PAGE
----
Letter Re: Lead From Car Batteries–Can it Be Recycled Into Cast Bullets?

In relation to the question about casting bullets from battery lead: There are a few things you need to keep in mind when dealing with things like old batteries and such. The first is, when lead-acid cells are drained, the metallic lead is converted into lead sulfate. So the ideal battery to use for this is one which is fully charged. I suppose it is technically possible for you to take an uncharged battery, and cook the plates down with a dry base such as sodium hydroxide (mineral wood ash–pour water through wood ashes, remove solids will give you some hydroxide salts KOH/NaOH) and then you are likely to get anything not reduced off as dross.
The other issue is, most batteries have some pretty strange alloy compositions. In many cases antimony, calcium, and strontium are added to the lead to improve it’s structural qualities. While antimony is a good thing, the calcium and strontium do not lend the alloy very desirable casting qualities. Which means your only choice is to try to burn these out. Thankfully both bond rather strongly with chlorine, so if you have a way of producing chlorine gas (electrolysis of salt brine, chlorine gas etc) it is possible to remove these impurities.
Then you have to add something back to the lead (usually tin) that will allow it to whet properly. If you look around, you can find hard lead shot, which often has up to 15% antimony, and occasionally 5-10% tin. If you are careful about weighing your starting materials you could come up with alloys which have the right characteristics for use in this.
As you mentioned, the wheel weights are a good source. At present I cast bullets commercially using wheel weight lead as my starting alloy (to which I add a proprietary number of components to make everything come out the way I want it). The problem is, I don’t think I have enough time in the day to run around and collect the wheel weights from every vehicle I can see. The batteries are a much better source, but are likely out of reach for the amateur.
However, there is much more lead in a car than just the wheel weights. The radiators of most vehicles are full of lead. This is usually a 60/40 lead/tin alloy which is great for creating alloys with any wheel weights you are trying to get to turn out better. In most cases radiators can contain up to a pound, if not more, of lead.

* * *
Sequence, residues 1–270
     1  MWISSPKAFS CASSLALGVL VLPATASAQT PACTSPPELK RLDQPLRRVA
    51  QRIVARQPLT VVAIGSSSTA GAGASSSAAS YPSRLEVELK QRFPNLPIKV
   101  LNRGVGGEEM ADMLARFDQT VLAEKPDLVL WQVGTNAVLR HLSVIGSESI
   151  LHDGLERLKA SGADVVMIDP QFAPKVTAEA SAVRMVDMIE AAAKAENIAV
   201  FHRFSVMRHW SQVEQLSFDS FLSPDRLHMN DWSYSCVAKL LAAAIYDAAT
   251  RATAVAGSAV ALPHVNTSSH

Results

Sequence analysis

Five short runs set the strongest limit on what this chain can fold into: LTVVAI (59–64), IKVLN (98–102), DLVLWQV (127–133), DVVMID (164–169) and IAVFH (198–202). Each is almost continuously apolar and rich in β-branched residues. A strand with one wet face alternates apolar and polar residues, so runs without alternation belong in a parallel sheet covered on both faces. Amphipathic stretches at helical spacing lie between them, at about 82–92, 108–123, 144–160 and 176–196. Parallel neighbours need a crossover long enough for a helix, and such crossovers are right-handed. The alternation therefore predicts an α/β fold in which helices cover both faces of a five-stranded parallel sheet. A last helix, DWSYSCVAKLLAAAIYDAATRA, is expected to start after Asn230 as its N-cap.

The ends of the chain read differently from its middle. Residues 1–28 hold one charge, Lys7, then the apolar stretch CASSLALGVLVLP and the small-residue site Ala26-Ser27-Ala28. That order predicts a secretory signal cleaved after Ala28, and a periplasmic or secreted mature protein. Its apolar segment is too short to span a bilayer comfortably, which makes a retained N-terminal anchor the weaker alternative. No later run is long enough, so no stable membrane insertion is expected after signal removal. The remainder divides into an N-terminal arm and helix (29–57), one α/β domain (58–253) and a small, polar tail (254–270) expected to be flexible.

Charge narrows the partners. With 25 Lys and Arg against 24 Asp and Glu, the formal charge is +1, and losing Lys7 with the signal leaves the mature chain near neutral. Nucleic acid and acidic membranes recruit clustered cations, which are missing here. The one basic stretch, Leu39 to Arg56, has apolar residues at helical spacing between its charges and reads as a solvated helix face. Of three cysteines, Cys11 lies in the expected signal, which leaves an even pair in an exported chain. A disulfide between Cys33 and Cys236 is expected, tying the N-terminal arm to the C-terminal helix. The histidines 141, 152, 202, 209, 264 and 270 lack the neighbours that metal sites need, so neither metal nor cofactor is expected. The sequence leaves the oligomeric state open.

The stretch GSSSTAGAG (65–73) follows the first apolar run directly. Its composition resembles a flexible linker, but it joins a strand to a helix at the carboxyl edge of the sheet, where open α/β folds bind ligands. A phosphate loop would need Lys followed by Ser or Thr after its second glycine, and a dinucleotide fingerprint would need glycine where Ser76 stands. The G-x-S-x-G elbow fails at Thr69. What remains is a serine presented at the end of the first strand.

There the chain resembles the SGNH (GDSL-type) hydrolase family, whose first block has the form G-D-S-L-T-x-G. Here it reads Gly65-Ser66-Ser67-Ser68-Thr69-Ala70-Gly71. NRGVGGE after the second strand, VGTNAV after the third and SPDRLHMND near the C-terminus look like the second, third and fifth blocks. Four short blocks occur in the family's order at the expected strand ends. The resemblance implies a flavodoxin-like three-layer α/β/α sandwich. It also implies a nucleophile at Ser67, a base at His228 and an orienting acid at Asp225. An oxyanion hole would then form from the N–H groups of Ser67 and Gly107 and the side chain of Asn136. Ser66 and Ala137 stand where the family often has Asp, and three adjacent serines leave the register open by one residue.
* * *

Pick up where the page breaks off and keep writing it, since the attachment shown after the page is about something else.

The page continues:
Lead is a very common material. It is resistant to most corrosion, and is used in a wide variety of applications from radiation shielding to pipes in chemical plants, and lets not forget stained glass windows. (But then, I suppose if you’re really hurting for raw materials, perhaps looting the church of the cames might be forgivable.)
If you are truly interested in a source of “after the crash” raw material supplies, look to see what is around you, there may be a harbor, or ship refitter nearby who uses lead for ballast in ships or sailboats, who may trade with you for a more usable product (ammo). Or it may just be abandoned. Lead, copper, and iron are sure to be the most important materials after a serious crash, either because they last in a metallic state, or because we made so much of it, that there is almost no way for it to return to it’s natural state (an ore, oxide, sulfate etc). While aluminum is a commonly
recyclable material, it is difficult to produce without a lot of electrical energy, and the conveniences of gas powered mining equipment.
By far the best solution is to stock up now. I currently have a number of tire shops I have existing agreements with as far as lead [scrap wheel weight] collection. I regularly collect more scrapwheel weights than I need to meet my operating requirements. For the most part, I melt it down with the rest, ingot it out, and stuff it somewhere until ready for use.One true advantage of lead
is that it won’t rot if I bury it. And if you cast big enough ingots no one is going to want to steal them 😉 . The largest single ingot I cast was about 500lbs, it was 21″x21″x~20″ Might have been a touch bigger. I still haven’t figured out what I’m going to do with it, but I do know that I could leave it in any bad neighborhood and no one is going to be successful stealing it. Best of luck to you all. Sincerely, – AVL